S U E   T A P L I N

Mitten 2016

As a student of Modern Languages in the late 1980s, I was fortunate to have the opportunity to live in Russia and to travel extensively in central and Eastern Europe. This experience gave me an invaluable insight into the difference between merely surviving and truly living, and how a spirit of adventure and creativity, combined with qualities of integrity, kindness and generosity, can help people to overcome privation and difficulty, and how a focus on our common humanity can transcend boundaries of politics, language and culture.

In retrospect I think it was this experience that motivated me to choose social work as a career, and to bring that belief in the power of the human spirit into my practice as a palliative care social worker.


I chose Mitten because …

… I became fascinated by it on my first visit to the Foundling Museum in London. I am sure that most visitors to the museum do not notice Tracey Emin’s tiny bronze, an original baby’s mitten, found on the streets by the artist, then rescued, cast and painted and now ‘waving’ from the railings behind Thomas Coram’s statue[1]. I only noticed a postcard of it in the Museum gift shop, and asked a curator whether it was still in situ. I was delighted to discover it, so small and vulnerable, and so obviously apart from its owner and its other half, being originally presumably one of a pair. But in this very isolation there was hope – someone had indeed rescued it, had taken the trouble to make it strong enough to stand on the railing, thus giving it the chance to be reunited with its owner or, if that was impossible, at least to be visible, to be noticed, and not to be swept away with the rubbish and other discarded or lost items that do not have the chance to be found.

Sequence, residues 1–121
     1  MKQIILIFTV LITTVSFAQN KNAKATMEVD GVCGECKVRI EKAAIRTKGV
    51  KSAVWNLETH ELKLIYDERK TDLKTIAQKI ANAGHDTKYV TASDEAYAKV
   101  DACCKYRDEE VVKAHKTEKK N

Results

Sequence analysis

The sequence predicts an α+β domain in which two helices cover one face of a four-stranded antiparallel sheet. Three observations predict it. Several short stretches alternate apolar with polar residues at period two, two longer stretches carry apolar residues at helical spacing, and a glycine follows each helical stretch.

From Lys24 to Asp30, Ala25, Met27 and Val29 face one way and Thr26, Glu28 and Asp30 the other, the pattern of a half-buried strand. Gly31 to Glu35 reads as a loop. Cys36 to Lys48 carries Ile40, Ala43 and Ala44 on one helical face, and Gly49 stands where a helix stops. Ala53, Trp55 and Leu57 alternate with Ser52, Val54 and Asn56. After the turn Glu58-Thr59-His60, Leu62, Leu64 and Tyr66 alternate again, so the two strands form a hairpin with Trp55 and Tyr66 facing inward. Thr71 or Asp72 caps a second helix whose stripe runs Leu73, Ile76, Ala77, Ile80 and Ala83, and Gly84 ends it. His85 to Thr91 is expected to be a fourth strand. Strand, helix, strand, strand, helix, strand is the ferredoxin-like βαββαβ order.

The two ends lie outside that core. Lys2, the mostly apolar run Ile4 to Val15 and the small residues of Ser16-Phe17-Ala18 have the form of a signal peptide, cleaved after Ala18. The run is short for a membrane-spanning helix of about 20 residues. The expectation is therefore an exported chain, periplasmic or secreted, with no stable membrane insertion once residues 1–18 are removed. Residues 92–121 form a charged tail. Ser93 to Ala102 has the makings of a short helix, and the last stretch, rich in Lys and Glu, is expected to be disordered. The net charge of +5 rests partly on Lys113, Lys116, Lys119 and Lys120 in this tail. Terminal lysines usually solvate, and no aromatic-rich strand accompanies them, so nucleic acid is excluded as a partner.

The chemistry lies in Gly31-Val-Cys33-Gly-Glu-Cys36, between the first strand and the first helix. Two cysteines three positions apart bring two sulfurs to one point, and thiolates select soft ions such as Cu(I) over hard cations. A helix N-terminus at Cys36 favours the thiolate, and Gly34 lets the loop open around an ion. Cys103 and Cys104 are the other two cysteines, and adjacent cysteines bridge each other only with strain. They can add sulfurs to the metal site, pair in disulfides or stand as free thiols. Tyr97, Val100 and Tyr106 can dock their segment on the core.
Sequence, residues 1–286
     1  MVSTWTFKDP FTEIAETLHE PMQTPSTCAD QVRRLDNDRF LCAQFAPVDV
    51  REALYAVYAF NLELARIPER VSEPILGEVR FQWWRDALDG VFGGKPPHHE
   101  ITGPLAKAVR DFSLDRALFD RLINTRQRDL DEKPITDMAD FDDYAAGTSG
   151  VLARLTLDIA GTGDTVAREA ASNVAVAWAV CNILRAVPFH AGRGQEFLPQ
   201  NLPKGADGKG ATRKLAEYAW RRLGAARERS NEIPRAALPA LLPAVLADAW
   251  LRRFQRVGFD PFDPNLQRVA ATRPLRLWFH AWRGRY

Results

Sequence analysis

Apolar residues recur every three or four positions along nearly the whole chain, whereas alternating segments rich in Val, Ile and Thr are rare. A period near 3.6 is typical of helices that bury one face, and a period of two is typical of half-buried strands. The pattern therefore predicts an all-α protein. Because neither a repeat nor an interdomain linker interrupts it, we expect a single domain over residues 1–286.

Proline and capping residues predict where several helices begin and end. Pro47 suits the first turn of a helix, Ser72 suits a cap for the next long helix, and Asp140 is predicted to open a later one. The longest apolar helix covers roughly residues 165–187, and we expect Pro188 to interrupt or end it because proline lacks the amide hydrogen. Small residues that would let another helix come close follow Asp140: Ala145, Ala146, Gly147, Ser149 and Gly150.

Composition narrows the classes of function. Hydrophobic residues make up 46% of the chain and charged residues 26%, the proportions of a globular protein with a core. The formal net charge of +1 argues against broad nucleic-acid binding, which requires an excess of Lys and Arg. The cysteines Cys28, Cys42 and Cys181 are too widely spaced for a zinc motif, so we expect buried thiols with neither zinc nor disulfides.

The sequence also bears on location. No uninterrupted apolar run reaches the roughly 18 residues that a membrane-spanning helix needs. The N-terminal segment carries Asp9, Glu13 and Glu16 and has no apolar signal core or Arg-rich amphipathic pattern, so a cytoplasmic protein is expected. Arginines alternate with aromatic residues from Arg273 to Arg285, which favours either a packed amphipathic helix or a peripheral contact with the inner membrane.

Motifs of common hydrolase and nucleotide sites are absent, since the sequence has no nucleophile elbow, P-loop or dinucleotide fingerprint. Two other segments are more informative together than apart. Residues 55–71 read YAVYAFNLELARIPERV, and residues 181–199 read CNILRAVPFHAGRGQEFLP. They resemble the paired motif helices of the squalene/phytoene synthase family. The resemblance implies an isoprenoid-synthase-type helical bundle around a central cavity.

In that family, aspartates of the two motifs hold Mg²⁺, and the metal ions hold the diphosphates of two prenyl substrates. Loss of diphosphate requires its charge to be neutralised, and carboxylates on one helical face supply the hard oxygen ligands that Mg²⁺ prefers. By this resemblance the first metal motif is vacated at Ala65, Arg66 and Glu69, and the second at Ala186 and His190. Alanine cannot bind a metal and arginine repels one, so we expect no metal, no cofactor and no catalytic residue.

For me this is the true essence of good social work practice – to take notice of the lost and vulnerable and to give people a second chance (and, through so doing, also ourselves). We cannot always bring back what is lost or cure people’s physical or emotional wounds – but we can show that we value that individual or family by being with them, by listening to them and by helping them to become strong and visible, in whatever way is possible for them.

[1] I read the history of the Mitten in Gill Hedley’s unpublished essay from the catalogue ‘Songs of Innocence, Experience, Ambivalence’ (February 2010).

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